Legislative column

This week lawmakers returned to Jefferson City for veto session. After nine hours of debate we adjourned having overridden 13 of the governor’s vetoes. Several key pieces of legislation caused some heated debate, but in the end we got a lot of work accomplished.

In total 13 vetoes were overridden. Two of the most hotly debated, Voter ID and Senate Bill 656, legislation eliminating required permits to conceal and carry a weapon, kept both chambers busy for hours. Eventually the motion of a previous question was called, forcing the vote. Both measures were overridden. Voter Id will appear on the November ballots as House Joint Resolution 53.

If voters approve House Joint Resolution 53, the new ID requirements will not take effect until 2017. In Missouri, voters without a photo ID can still vote if they sign an affidavit stating they do not have any type of identification. However, election officials can take their picture, and steps must be taken to get a photo ID for later use, with the state covering the cost.

The Legislature also voted to override a veto on Senate Bill 656, which eliminates requirements to have a permit before carrying a concealed weapon. Under the bill, Missouri residents could also use deadly force in a public space if they perceive a threat. The bill allows law-abiding citizens to protect themselves and their families. It also means Missouri will join 10 other states with laws that allow most people to carry concealed guns without the training required for permits, and allows people to carry hidden guns anywhere they can currently carry weapons openly. The law takes effect in 30 days. My office received 487 calls, emails and letters requesting that I vote to override the governor’s veto on this bill. By comparison, I received only 27 requests from constituents asking that I vote to sustain the veto.

The veto of Senate Bill 641 was also overridden, by a vote of 24-6 in the Senate and 112-38 in the House. This legislation will transfer money from the state to farmers and agricultural producers. The bill will become law in 30 days. Two years ago farmers were given millions of dollars in disaster relief from the U.S. Department of Agriculture, following a drought, but were forced to pay state taxes on the funds received. Now with the veto override, future disaster relief will not be taxed by the state. Only in agriculture is a disaster considered a taxable event.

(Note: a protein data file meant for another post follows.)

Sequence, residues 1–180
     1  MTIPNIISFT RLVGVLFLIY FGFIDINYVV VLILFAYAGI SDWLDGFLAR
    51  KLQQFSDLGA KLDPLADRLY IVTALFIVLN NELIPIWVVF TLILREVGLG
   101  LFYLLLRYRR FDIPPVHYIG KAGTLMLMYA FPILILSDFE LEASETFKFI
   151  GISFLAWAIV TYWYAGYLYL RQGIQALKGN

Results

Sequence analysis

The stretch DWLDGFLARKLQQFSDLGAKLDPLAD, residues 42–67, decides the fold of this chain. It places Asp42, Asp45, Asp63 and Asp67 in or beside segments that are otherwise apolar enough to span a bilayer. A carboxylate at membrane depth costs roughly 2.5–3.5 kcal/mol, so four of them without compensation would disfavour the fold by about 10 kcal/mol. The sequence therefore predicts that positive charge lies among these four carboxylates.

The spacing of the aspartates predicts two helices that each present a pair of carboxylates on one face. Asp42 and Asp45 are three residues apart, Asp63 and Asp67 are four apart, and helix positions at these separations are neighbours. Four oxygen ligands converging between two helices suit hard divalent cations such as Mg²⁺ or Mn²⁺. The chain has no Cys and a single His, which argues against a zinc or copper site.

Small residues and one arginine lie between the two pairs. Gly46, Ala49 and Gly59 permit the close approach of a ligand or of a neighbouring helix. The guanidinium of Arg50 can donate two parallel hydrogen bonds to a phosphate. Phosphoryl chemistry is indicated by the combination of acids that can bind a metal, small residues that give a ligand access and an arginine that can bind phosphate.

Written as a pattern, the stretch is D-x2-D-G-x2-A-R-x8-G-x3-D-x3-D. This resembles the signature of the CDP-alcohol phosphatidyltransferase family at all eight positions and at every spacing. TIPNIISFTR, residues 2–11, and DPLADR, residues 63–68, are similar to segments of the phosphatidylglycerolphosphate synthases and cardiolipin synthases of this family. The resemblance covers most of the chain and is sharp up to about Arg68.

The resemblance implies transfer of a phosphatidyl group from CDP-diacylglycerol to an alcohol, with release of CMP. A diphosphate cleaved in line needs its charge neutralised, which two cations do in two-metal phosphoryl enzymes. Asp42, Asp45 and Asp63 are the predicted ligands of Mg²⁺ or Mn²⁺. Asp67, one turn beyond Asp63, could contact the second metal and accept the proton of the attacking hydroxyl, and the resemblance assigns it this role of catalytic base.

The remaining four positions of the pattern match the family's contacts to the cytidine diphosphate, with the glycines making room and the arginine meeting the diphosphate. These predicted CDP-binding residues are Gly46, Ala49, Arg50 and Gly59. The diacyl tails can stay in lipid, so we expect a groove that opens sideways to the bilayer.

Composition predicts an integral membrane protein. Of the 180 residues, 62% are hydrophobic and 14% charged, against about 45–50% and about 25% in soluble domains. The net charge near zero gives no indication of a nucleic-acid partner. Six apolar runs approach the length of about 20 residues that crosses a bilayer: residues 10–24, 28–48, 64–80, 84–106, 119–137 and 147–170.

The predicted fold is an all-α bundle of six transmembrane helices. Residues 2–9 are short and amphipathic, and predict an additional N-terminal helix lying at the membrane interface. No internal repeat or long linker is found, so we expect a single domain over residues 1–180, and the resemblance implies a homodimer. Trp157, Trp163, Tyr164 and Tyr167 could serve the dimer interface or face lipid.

Also overridden by the Legislature:

Senate Bill 608 – modifying provisions relating to health care

Senate Bill 844 – modifying provisions relating to livestock trespass liability

Senate Bill 994 – modifying provisions relating to alcohol

Senate Bill 1025 – exempting instructional classes from sales tax

House Bill 1414 – exempting data collected by state agencies under the federal Animal Disease Traceability Program from disclosure under Missouri’s sunshine law

House Bill 1432 – requiring a hearing to be held within 60 days if a state employee is placed on administrative leave

House Bill 1713 – requiring the Department of Natural Resources to provide information regarding advanced technologies to upgrade existing lagoon-based wastewater systems to meet any new or existing discharge requirements

House Bill 1763 – changing the laws regarding workers’ compensation large deductible policies issued by an insurer

House Bill 1976 – changes the laws regarding service contracts

House Bill 2030 – authorizing a tax deduction equal to fifty percent of the capital gain resulting from the sale of employer securities to certain Missouri stock ownership plans

Mike Cunningham is a Republican member of the Missouri State Senate, representing District 33. Contact him at 573-751-1882 or www.senate.mo.gov/cunningham

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